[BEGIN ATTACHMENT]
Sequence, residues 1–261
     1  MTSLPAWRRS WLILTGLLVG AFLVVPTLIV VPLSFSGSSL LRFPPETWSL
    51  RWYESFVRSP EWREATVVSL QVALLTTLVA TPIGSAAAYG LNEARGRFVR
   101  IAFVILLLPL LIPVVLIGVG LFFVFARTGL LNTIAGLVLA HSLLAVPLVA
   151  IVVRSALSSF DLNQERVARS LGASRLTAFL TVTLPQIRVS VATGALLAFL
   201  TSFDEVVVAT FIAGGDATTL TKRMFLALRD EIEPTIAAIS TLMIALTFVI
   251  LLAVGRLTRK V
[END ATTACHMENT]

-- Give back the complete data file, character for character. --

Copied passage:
Sequence, residues 1–261
     1  MTSLPAWRRS WLILTGLLVG AFLVVPTLIV VPLSFSGSSL LRFPPETWSL
    51  RWYESFVRSP EWREATVVSL QVALLTTLVA TPIGSAAAYG LNEARGRFVR
   101  IAFVILLLPL LIPVVLIGVG LFFVFARTGL LNTIAGLVLA HSLLAVPLVA
   151  IVVRSALSSF DLNQERVARS LGASRLTAFL TVTLPQIRVS VATGALLAFL
   201  TSFDEVVVAT FIAGGDATTL TKRMFLALRD EIEPTIAAIS TLMIALTFVI
   251  LLAVGRLTRK V